You might think chronic fatigue is all about being tired. But there are other signs, signs you might not expect. Symptoms you might want to watch for. Don’t ignore chronic fatigue symptoms – you need to know what you’re dealing with.
Chronic fatigue syndrome (CFS) is also known as myalgic encephalomyelitis (ME), ME/CFS, and systemic exertion intolerance disease (SEID). And just about every symptom that may eventually turn out to be chronic fatigue could also turn out to be something else.
1. Weak Muscles
You know what your muscles feel like normally, and you know what they feel like when you’ve been working them. Do they feel more tired, weaker than they should? Do they feel heavy? Muscle weakness has a number of possible causes – chronic fatigue syndrome is only one of them.
2. Brain Fog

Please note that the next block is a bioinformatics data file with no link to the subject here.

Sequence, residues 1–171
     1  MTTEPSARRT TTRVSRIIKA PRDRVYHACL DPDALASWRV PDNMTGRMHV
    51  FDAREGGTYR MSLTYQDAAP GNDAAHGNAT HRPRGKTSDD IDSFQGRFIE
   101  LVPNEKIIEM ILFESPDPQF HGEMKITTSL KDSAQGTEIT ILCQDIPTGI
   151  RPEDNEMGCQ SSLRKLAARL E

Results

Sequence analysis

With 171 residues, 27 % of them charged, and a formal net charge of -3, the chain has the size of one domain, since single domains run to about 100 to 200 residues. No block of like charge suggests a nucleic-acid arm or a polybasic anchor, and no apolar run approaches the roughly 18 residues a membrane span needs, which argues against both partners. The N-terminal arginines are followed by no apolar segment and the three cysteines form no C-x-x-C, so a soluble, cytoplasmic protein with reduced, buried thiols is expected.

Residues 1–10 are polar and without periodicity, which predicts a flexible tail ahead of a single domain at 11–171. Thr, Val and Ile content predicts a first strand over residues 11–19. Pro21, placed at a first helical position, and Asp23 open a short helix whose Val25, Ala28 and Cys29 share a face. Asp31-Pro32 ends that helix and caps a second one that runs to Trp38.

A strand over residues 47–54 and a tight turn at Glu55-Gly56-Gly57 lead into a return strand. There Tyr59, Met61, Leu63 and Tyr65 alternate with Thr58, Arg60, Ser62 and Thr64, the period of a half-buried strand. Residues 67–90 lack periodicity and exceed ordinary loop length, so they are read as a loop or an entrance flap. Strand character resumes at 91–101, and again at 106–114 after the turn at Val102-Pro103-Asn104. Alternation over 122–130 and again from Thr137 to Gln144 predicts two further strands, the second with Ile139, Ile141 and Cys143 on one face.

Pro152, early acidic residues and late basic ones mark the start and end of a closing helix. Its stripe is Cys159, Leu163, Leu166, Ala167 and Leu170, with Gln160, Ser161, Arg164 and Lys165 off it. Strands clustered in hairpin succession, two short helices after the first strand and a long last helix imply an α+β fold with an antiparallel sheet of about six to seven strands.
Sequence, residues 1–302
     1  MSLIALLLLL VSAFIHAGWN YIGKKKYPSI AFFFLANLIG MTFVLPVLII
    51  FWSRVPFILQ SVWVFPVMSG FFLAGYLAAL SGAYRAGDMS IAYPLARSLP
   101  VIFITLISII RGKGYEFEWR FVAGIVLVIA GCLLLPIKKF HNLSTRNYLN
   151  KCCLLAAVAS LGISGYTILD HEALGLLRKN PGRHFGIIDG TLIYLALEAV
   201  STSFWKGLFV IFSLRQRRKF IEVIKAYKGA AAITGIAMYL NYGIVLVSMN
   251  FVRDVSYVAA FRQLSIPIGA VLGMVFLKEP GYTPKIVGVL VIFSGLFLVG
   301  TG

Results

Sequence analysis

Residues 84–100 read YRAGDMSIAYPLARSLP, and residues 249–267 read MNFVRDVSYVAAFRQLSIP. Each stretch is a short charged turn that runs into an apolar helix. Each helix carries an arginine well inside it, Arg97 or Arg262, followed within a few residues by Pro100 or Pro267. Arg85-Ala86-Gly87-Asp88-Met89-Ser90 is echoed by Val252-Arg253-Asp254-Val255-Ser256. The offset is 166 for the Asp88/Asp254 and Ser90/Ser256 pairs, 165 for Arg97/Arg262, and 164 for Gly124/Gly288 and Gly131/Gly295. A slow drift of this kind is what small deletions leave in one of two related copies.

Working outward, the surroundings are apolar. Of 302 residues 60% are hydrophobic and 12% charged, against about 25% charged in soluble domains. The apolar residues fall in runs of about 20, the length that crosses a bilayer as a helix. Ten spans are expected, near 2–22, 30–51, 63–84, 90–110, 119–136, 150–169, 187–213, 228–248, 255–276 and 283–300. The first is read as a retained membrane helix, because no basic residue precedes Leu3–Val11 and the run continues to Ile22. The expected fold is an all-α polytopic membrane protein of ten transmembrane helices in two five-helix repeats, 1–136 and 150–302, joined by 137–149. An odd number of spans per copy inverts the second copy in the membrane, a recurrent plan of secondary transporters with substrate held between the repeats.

Brain fog is described as the feeling of being stuck in a mental fog. It includes problems with memory and an inability to concentrate or focus your thinking. And it can be a major issue for those with chronic fatigue syndrome. Life becomes even more difficult at a time when the ability to plan and organize are most needed. Don’t ignore chronic fatigue symptoms like these. Even if it isn’t chronic fatigue, it’s something, and it matters.
3. Sleep Problems
Sleep problems are part of the core diagnosis of chronic fatigue.
- Insomnia indicates the amount of sleep you’re getting isn’t enough. You may have trouble getting to sleep, or you wake up during the night.
- Unrefreshing sleep indicates the quality of sleep is lacking. So even if you sleep a long time, you still wake up tired – unrefreshed.
4. Orthostatic Intolerance
This condition causes you to become dizzy or lightheaded when you stand or even just sit up. You may feel faint or have blurry vision – you may feel like your “head is swimming.”
5. Symptoms of Infection
Some sufferers develop symptoms that would also point to an infection, such as:
- A sore throat that comes and goes,
- Swollen or tender lymph nodes,
- Muscle aches and pains,
- Joint pain,
- Night sweats,
Don’t ignore chronic fatigue symptoms. Whether or not you turn out to have chronic fatigue, it can only help you to get an early start on treatment.